Standard or Best Practice?

The Web Standards Project asks What is a Web Standard?

It’s a good question – as many of the things we refer to as ‘standards’ turn out to not be standards at all – but they are best practice. I suppose it might be splitting hairs, but to be technically correct we shouldn’t be calling things standards that aren’t. Things like semantic markup and separation of presentation & structure, for example.

However, as the author states:

What we absolutely must do is take care to spread a message that encourages rather than discourages using the best science and best practice. It is holding that goal high that makes us professionals, after all.


I never really thought about it before, but Search Engine Optimisation (SEO) and Search Engine Marketing (SEM) are not quite the same thing. SEO is something you do as part of an overall SEM strategy.

The latest Market Position newsletter outlines 5 steps for successful SEM, and looks at things from a strategic perspective rather than a technical one. All simple stuff, but it’s good to be reminded of the simple things from time to time.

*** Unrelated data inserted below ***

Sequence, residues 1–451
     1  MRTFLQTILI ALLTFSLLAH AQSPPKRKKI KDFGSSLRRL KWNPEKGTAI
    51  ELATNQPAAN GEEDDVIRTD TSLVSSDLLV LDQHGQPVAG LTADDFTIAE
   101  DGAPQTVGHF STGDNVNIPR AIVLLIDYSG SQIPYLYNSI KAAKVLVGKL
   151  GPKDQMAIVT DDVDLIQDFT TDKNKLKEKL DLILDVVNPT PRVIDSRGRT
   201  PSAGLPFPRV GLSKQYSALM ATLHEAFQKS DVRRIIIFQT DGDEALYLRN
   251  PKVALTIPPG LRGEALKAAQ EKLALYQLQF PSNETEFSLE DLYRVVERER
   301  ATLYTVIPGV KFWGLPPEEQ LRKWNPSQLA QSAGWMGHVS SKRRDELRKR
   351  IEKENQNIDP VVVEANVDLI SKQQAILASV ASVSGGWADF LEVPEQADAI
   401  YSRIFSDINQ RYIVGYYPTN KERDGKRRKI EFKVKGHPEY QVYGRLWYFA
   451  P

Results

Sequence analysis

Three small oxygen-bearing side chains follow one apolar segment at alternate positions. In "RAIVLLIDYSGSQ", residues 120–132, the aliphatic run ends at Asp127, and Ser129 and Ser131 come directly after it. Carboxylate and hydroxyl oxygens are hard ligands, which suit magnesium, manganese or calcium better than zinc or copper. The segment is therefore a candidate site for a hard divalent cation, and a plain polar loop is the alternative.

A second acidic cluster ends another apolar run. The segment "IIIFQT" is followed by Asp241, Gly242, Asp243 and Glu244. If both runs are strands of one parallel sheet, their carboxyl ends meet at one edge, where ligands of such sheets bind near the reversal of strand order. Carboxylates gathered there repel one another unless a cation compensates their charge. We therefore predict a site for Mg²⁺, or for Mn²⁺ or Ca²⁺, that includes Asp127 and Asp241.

Noise Over Free Trade Agreements

Firstly, let me say I don’t normally comment on things political. My typical response is “whatever!”

However, John Allsopp has written a piece on the impact our recent Free Trade Agreement with the US has on our IP laws. Or, if he’s right, they’re not our laws anymore.

What he’s basically saying is that we’re handing over our right to make our own laws regarding copyright, patents and trademarks over to the US. We adopt US law in these areas.

If he is right – it’s a bit concerning that we would hand over a sovereign right to make our own laws to be at the mercy of US corporations who influence congress.

I can’t think of anything about the US legal system that I’d like to see reproduced here, much less having them make our own laws for us!

Not happy, Jan!

The Four Essentials of Modern Web Design

The Web is a young medium: it’s really only about 10 years old. Consider television at age 10, or cinema. Back then, these media were primitive, still finding their way. They were exploring the limits of new technology, but huge developments were yet to be made.

Web professionals are at that same point today. We’re pioneers, still exploring the limits of a new medium. Our grandchildren will, no doubt, look back on what we’re doing and think it’s quaint. We still have much to discover about what the Web can do, and how it can be used.

Enter: conferences such as Web Essentials 04.

Web Essentials 04 was a two-day conference held in Sydney, Australia, from 30 September to 1 October 2004, which explored in detail the essential pillars of the Web. Speakers included Dave Shea, Douglas Bowman and Russ Weakley, just to name a few.

The four essential practices on which the conference focused were:

  1. Valid code (standards compliance)
  2. Accessible code
  3. Semantically correct code
  4. Separation of content and presentation

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